Kenya leads EAC in wealth numbers
By Moses Omusolo | November 8th 2019
Kenya leads the region in the number of adults falling under the middle-class.
According to the latest findings by Credit Suisse Research Institute, the country has the largest number of individuals who possess financial or non-financial assets worth at least $3,553 (Sh300,000 ) in East Africa. The study attributes the trend to the vibrancy of the Kenyan economy compared to its peers.
“The factor that accounts most for the different trends in household wealth among countries is the general level of economic activity as represented by aggregate income, aggregate consumption or GDP,” says the firm in the Global Wealth Databook 2019.
“Economic expansion increases savings and investment by households and businesses, and raises the value of household-owned assets, both financial and non-financial.”
The study found that global wealth is still concentrated in the hands of a few individuals.
“The global wealth distribution in the form of a wealth pyramid… places adults in one of four wealth bands: under $10,000 (Sh1 million); between $10,000 and $100,000 (Sh10 million); between $100,000 and $1 million (Sh100 million); and over $1 million,” said the Swiss think tank in the report.
“The base level of the pyramid contains 2.9 billion adults, or 57 per cent of the global population, but accounts for only 1.8 per cent of global wealth. In contrast, dollar millionaires comprise 0.9 per cent of all adults, but collectively own 44 per cent of all assets.”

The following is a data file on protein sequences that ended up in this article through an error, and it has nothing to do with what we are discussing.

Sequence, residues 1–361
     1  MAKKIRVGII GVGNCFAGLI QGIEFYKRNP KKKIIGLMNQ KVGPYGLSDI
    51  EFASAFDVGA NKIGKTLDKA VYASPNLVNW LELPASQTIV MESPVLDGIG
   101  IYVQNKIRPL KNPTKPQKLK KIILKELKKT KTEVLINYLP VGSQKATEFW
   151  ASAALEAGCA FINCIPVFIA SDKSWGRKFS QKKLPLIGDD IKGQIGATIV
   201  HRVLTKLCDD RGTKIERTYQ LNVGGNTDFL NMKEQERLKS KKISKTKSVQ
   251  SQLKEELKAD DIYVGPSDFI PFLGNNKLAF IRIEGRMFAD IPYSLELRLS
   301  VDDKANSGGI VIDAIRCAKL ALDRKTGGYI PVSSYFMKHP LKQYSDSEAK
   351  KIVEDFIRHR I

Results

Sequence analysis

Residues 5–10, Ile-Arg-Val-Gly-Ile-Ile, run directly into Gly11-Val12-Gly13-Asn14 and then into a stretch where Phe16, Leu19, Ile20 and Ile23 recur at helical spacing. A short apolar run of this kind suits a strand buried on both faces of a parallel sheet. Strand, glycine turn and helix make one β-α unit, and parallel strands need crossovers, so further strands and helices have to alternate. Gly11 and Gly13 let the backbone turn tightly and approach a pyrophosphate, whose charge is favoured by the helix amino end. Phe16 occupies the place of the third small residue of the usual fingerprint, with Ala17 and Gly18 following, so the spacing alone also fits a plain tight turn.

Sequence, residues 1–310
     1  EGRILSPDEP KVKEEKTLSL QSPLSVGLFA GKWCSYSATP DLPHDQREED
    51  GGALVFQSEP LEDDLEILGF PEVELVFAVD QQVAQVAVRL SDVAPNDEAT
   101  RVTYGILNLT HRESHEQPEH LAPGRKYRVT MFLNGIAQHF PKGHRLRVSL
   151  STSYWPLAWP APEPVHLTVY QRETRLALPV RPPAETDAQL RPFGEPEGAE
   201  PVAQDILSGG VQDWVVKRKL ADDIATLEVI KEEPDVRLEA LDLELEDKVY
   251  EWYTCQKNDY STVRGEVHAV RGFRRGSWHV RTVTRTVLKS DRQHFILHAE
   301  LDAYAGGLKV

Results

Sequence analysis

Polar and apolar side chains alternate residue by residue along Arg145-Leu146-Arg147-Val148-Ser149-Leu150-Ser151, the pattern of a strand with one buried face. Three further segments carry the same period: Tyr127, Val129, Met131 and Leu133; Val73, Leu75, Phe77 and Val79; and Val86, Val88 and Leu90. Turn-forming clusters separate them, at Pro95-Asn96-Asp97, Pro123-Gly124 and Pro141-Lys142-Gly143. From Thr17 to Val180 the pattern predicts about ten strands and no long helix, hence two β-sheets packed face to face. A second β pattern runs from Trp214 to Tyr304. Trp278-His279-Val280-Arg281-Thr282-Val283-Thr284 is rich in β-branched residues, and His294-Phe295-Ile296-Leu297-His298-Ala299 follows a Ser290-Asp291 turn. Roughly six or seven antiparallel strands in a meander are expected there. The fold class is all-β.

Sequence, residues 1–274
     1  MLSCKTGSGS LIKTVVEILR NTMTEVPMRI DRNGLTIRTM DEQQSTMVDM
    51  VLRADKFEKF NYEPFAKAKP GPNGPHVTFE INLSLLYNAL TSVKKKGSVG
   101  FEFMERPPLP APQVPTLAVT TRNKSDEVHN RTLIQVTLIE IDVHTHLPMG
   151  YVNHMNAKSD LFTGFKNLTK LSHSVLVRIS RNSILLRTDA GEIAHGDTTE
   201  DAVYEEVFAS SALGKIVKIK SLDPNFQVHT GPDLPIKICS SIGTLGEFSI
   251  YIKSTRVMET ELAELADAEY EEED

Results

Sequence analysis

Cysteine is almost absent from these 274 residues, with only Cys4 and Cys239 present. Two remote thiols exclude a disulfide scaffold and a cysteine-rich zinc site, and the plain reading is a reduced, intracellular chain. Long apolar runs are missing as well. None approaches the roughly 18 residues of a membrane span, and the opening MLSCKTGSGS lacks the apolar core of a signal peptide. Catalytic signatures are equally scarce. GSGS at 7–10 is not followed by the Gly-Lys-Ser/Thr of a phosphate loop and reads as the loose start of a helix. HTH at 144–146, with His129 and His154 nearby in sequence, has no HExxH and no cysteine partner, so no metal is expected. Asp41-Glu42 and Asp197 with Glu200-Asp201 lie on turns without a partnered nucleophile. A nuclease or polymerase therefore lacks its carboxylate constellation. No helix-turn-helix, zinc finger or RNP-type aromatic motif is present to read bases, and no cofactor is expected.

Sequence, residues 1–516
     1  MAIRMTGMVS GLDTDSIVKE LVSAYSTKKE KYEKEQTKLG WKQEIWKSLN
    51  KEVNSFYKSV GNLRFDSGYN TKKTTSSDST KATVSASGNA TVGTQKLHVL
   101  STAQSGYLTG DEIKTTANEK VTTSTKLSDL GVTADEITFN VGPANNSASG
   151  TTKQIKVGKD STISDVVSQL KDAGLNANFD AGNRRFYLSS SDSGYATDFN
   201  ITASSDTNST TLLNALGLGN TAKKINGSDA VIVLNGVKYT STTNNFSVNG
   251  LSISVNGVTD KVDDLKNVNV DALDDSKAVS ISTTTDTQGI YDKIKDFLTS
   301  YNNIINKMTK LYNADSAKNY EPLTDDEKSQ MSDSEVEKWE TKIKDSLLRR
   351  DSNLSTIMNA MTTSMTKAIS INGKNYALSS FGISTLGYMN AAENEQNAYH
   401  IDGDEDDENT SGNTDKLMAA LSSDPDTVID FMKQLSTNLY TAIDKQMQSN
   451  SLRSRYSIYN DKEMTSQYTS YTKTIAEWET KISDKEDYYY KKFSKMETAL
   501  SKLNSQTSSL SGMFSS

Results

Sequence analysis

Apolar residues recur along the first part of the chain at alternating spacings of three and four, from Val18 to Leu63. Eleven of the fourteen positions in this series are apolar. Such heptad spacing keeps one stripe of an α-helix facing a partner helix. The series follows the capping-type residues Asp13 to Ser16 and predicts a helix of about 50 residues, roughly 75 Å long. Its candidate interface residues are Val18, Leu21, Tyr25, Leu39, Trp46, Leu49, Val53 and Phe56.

The study also found that while the income equality across Africa has increased, it is only a few who manage to secure “the good life”.
Credit Suisse further found that the whole of Africa has only 153,779 individuals who are worth between $1 million (Sh100 million) and $5 million (Sh500 million) while only 11,234 are worth between $5 million and $10 million (Sh1 billion). On the other hand, only 5,589 are worth between $10 million and $50 million (Sh5 billion).
A mere 461 individuals are worth between $50 million and $100 million (Sh10 billion), with another 289 worth between $100 million and $500 million (Sh50 billion), while as few as 54 individuals are worth more than $500 million. The data further shows Kenya’s peers have not been able to catch up for nearly 20 years, with only Eritrea presenting a formidable challenge.
The Global Wealth Databook provides estimates for the level and distribution of wealth for over 200 countries from 2000 to mid-2019.
Despite Kenya’s impressive standing in the region, it fares badly in comparison with Seychelles and Mauritius whose citizens are currently worth at least Sh2 million each.
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